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What's my best career option?

How do the pros and cons of being salaried compare with those of being a principal for a newly-qualified GP?

In my experience, either option can satisfy individual needs depending on temperament and time of life.

Freelance locums have the great advantage of flexibility. This is a useful option for doctors who wish to get a feel for a locality and develop relationships with prospective partners.

It can appeal to those for whom variety is the spice of life. You can pick and choose working hours, take leave whenever you want and often haul in pretty good rates of pay. This is great if you are young and healthy, or semi-retired and not needing the income. The big disadvantage is unpaid leave for holiday, maternity or sickness.

Doctors in salaried posts are in a more favourable position in this respect, but at the sacrifice of career flexibility. Both locums and salaried non-principals can feel like they are on the fringes of the team. No interest in practice profits can result in lack of interest in practice development. Both salaried and locum posts can be attractive to those with family commitments.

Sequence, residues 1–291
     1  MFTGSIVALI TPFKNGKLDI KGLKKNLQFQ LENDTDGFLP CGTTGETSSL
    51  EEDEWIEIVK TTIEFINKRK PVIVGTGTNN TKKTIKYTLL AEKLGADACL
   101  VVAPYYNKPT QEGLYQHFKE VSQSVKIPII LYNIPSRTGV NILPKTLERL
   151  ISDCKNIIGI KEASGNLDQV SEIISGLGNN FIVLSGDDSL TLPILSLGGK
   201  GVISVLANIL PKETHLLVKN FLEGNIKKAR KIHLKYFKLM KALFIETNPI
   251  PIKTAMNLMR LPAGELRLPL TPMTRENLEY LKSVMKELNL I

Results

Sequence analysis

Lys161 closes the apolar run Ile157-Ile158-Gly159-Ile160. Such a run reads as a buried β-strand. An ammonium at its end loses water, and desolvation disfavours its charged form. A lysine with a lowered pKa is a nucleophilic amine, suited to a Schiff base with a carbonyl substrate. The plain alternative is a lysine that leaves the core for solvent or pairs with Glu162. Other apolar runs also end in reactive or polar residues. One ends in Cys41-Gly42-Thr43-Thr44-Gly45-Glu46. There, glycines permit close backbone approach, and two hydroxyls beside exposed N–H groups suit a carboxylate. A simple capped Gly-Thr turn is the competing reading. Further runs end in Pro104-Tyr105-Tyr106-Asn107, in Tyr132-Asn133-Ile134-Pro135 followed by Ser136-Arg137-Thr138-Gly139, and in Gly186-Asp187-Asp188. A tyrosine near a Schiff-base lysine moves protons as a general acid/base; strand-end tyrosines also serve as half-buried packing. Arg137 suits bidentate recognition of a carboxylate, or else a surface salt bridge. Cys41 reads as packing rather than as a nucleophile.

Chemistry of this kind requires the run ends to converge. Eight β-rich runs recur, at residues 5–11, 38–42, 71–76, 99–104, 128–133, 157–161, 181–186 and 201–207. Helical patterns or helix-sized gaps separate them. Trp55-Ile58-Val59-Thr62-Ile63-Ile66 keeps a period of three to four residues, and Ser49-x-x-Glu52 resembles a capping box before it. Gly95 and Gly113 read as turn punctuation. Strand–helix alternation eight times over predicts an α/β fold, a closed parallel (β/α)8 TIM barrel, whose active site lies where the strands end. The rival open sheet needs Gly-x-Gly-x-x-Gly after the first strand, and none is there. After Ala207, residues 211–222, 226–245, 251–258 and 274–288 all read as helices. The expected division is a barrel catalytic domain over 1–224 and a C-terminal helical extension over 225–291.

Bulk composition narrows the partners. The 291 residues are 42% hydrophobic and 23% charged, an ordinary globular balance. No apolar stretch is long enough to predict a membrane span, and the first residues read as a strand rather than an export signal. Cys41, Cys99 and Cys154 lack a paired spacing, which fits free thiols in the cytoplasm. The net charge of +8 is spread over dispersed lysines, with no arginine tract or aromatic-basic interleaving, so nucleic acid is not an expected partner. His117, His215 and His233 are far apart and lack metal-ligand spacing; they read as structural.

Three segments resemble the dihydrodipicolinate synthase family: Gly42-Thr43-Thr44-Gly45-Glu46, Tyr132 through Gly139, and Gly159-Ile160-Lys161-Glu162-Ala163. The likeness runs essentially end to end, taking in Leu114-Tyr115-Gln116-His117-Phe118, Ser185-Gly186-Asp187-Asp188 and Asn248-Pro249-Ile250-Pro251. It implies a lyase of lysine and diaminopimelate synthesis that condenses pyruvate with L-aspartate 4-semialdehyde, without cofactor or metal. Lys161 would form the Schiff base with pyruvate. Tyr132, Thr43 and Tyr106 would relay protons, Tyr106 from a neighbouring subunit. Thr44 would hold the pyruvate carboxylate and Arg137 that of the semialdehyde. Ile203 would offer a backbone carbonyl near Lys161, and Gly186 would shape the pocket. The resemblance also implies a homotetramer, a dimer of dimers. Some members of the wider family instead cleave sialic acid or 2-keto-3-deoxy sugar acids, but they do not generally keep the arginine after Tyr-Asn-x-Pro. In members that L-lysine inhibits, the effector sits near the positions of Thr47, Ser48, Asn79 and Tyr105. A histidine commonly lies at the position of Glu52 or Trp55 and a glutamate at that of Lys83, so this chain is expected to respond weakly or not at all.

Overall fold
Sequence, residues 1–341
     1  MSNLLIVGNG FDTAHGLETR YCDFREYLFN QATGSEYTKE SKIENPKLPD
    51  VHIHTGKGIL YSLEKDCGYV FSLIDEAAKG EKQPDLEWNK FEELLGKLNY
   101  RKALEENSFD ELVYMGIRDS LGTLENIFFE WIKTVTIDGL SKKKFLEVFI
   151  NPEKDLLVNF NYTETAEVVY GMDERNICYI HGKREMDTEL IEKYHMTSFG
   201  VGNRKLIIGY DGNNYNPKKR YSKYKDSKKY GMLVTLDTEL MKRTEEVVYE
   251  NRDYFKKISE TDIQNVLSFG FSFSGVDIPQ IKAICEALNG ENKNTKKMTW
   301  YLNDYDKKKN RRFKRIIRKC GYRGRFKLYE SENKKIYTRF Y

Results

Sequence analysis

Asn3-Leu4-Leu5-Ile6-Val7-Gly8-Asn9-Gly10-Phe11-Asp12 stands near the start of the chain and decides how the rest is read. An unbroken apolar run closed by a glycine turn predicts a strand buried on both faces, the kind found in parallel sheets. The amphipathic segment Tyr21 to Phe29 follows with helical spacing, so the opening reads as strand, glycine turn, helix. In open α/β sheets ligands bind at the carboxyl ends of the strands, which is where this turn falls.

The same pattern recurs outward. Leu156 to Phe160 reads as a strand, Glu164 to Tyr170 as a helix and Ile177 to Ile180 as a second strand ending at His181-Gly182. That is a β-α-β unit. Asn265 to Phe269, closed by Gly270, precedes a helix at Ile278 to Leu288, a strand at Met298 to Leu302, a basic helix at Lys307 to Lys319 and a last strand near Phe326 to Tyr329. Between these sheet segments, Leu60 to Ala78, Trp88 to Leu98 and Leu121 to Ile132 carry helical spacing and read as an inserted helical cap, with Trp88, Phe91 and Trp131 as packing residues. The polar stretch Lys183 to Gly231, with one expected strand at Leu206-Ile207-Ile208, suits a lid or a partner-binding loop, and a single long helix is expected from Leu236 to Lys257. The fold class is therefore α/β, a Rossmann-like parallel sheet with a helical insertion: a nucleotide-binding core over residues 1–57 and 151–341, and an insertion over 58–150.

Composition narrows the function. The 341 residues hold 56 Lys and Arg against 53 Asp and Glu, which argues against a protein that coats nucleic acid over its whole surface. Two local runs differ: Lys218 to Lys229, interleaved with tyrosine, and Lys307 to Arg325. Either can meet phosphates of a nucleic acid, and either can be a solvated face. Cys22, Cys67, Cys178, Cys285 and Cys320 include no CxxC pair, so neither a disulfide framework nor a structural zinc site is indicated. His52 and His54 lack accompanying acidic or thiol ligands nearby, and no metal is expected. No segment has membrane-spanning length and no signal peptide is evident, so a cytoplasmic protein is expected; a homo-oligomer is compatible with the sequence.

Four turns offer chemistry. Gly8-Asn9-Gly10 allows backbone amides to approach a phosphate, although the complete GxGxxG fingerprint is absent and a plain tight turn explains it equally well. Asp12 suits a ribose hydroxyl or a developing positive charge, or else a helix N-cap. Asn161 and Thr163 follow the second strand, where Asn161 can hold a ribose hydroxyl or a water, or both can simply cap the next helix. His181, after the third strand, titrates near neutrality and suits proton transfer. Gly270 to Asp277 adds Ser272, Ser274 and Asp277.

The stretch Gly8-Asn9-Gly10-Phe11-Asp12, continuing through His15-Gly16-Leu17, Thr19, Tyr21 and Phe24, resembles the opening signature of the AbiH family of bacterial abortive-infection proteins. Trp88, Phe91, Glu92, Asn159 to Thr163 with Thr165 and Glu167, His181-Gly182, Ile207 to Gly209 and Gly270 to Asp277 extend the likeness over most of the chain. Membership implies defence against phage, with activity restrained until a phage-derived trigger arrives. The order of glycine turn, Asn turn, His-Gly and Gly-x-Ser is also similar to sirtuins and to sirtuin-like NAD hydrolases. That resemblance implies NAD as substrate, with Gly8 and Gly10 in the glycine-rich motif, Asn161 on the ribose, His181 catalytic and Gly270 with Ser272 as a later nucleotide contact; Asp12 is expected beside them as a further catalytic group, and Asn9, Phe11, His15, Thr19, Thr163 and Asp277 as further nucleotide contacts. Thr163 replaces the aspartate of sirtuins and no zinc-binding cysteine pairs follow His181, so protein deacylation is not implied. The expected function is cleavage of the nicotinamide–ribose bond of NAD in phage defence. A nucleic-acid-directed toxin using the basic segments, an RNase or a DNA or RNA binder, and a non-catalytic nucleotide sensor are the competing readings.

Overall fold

Profit-sharing partnership offers a secure and stable platform on which to build a career. It is perhaps best suited to main breadwinners wishing to put down solid roots in an area. As an integral team member, you are in a position of leadership with all the opportunities and responsibilities this involves. There can be tremendous sense of satisfaction and self-esteem as you inspire ideas and follow projects through to completion.

This environment is undoubtedly the best for really getting to grips with patients' needs and addressing them in a meaningful fashion. Financial advantages include a share in the partnership profits, maintained income during periods of absence due to holidays, maternity or sickness, and probably an income boost on the heels of the new GMS contract. A portfolio career remains possible by agreement with the partners.

There is currently more incentive to keep abreast of developments within the profession, continuing medical education. Out-of-hours work is the main drawback, although this is likely to be optional under the contract. At present it will be pretty difficult to meet the criteria for revalidation if you are not a principal.

Questions from GPs in the early stages of their career

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